Intramuros Ghost Walk: Manila Tour with a twist

Do you love both history and horror? The walled capital of Manila tells both! The Intramuros Ghost Walk is an alternative take on the historical tour within the walls.

I remember the All Saints’ Day nights in the 90s when we would turn off the lights, turn on the TV, and grab some snacks. The family would crowd around the television to watch Noli de Castro’s Magandang Gabi Bayan.

Kabayan’s MGB series that ran for nearly two decades famously told horror stories in the Philippines as its Halloween special. The visuals and the costumes may be occasionally hilarious and considered corny now, but it captured my imagination as a child. My brothers would scare each other to sleep and we would glance at the lighted candle by our gate, thinking of the spirits lurking outside.

Reminiscent of this Pinoy-flavored Halloween, I yearned to go beyond corporate Westernized costume parties of the new millennium. The Pinoy-flavored Halloween was composed of scorned lovers, depressed students, devout Catholics, and war victims; not to mention, the non-human creatures of Filipino folklore. The search led me to the Intramuros Ghost Walk, a Manila city tour which fused my love for history and travel.

Intramuros Ghost Walk

Will I see ghosts at the Intramuros Ghost Walk?

Intramuros is the oldest district and at the heart of Manila. Its location near Pasig River and Manila Bay made it a strategic location for pre-colonial era traders. Intramuros literally translates into “within the walls”, the latter of which was built as a fortress to protect the Spanish seat of power from foreign invasion and natural disasters. Tragically, Intramuros was reduced to dust by Japanese and American bombings during World War II.

Before you let your imagination for the paranormal run wild, let me give you some fair warnings. It is best to suspend your disbelief! When you join the ghost tour, going around challenging every claim on the supernatural may be in futile. It’s best to keep your eyes and mind open. You can do your own research and fact-checking afterward.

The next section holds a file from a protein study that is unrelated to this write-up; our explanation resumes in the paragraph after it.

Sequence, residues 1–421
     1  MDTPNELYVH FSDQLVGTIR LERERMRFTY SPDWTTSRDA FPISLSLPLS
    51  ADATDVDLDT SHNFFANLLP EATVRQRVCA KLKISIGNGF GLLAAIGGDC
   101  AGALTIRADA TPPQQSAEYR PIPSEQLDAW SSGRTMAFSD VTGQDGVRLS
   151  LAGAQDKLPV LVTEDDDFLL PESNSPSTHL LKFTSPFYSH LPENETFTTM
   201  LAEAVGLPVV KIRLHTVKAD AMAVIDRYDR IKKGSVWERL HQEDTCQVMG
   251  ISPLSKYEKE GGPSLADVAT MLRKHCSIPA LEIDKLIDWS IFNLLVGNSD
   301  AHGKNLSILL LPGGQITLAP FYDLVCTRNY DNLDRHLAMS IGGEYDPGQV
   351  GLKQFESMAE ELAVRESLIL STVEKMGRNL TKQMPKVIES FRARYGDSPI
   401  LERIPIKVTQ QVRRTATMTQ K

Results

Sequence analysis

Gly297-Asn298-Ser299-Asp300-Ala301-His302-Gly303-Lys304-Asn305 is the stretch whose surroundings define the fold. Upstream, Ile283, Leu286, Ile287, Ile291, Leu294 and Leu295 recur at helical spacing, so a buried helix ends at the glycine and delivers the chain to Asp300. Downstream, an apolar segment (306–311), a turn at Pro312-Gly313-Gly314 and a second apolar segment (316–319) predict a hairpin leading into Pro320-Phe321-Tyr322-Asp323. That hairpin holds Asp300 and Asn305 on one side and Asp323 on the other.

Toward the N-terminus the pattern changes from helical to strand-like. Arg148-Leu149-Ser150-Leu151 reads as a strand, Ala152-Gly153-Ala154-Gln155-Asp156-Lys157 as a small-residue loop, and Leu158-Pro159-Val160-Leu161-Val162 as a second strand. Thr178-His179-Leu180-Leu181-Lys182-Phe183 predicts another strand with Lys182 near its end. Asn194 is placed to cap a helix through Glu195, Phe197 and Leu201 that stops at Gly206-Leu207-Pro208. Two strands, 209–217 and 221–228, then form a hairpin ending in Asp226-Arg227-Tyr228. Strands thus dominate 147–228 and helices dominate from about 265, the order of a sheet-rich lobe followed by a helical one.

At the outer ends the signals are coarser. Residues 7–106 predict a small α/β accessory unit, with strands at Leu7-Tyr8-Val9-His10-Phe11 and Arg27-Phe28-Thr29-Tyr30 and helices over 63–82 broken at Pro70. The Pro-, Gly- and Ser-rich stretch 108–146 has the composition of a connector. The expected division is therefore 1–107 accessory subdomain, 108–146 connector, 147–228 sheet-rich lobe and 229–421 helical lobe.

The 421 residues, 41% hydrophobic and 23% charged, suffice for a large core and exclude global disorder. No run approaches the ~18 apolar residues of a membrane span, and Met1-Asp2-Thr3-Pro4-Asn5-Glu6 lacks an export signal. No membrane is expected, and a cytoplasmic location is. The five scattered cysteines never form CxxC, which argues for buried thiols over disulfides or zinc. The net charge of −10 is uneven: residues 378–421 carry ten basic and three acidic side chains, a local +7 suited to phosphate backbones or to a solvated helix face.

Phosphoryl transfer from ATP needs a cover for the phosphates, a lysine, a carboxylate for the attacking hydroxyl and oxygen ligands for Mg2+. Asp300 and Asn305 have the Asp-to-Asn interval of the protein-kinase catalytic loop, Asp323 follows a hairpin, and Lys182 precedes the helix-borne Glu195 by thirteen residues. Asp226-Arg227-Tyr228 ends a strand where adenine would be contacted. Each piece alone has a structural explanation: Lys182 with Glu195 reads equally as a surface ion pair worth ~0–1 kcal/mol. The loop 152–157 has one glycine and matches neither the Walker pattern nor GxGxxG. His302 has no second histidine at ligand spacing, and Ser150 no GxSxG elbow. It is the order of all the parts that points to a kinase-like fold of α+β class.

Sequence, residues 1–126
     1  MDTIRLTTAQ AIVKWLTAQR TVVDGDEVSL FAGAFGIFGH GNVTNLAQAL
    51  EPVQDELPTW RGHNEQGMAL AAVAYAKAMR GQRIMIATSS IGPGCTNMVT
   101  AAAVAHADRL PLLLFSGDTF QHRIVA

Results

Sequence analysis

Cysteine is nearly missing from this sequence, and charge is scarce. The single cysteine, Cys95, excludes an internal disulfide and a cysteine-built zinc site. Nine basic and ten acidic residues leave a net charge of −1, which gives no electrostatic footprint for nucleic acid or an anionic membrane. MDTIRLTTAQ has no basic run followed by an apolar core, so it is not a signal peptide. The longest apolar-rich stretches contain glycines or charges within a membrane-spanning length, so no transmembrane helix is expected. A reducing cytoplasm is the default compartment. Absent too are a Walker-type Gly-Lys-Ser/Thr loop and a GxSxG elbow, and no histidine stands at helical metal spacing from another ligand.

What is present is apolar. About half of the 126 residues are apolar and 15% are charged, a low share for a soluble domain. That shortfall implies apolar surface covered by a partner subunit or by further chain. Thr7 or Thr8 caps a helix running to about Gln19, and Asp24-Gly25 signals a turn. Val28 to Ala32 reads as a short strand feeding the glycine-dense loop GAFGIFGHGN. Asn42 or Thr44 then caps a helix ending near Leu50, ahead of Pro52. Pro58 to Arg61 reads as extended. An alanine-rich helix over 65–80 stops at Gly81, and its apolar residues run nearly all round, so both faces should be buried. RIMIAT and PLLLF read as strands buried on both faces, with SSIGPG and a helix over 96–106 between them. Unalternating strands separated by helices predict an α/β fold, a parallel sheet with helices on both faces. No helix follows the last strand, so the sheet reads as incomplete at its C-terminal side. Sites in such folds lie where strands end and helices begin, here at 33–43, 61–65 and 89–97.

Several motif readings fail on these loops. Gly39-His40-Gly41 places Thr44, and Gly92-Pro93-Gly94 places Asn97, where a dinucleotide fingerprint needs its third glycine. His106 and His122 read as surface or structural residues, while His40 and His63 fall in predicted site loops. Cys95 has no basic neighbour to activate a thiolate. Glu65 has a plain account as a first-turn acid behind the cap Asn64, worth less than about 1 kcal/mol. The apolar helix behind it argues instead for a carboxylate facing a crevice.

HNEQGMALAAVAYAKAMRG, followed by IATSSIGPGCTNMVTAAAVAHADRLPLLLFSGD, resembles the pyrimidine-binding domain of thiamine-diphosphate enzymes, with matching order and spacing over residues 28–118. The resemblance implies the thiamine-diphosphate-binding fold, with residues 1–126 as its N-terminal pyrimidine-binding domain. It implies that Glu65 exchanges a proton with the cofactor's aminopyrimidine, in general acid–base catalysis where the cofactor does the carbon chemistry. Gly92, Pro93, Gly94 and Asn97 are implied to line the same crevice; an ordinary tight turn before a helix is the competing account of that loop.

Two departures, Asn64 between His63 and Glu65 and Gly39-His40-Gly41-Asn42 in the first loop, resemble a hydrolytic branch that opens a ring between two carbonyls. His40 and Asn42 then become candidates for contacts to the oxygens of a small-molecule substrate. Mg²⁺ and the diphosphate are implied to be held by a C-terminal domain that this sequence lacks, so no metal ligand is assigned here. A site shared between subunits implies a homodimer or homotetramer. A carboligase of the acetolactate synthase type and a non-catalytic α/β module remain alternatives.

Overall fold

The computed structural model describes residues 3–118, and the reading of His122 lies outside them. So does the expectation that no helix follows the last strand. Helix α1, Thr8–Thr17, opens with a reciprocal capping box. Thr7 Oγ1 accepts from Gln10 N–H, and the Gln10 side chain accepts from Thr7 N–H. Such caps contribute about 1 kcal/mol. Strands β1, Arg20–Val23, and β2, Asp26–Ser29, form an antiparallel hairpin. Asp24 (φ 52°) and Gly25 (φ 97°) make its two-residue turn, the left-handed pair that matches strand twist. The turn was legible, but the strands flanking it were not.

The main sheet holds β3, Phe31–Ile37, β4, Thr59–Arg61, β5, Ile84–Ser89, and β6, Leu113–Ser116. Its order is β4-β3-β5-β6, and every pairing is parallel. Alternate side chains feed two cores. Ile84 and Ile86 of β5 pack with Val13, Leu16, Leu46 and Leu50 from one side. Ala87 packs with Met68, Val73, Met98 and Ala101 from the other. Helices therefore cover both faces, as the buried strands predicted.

Here are what to expect from the Intramuros Ghost Walk:

#1 It’s more of a historical tour. Give it up, you won’t be a Ghost Buster or Buffy the Vampire Slayer for the night. That’s not the point! The Intramuros Ghost Walk is meant to take you on a historical tour of Manila, with an inclination to tell paranormal sightings and activities. It’s not a guarantee that you can peer into the spiritual world, for that depends on your beliefs and abilities. But if you’re serious about ghosting, set your camera to burst and watch out for the following:

  • Imprints – residual energy or memories resonating in a place, such as a typing keyboard or crying.
  • Spirits – the dead still roaming our world probably due to confusion or unwillingness to move on.
  • Elementals – non-human creatures you often hear in fairytales or folklore.
  • Demons – malevolent entities causing chaos, thankfully not yet found in Intramuros!

#2 Photographs are hard to take. Because it’s a night tour, expect poor lighting throughout your trip. You will literally visit the nooks and crannies of Intramuros. This includes dungeons, bridges, ruins, and abandoned buildings that you never thought of going anywhere near to. Adjust your expectations and bring high-power cameras or flashlight. Better yet, sit back, relax, and just enjoy the tour.

#3 It’s gonna be a long walk! The three-hour Intramuros Ghost Walk is not a walk in the park. It can be tiring and lengthy, so prepare some food, water, and comfy clothing. You might also reconsider bringing older or younger members of the family who might end up tired and tantrum-prone in the duration of the tour.

Are you comfortable with no guarantees of seeing ghosts or taking spine-tingling photos? Do you think you can endure three hours of marching within the walls? Then, by all means, proceed with the Intramuros Ghost Walk!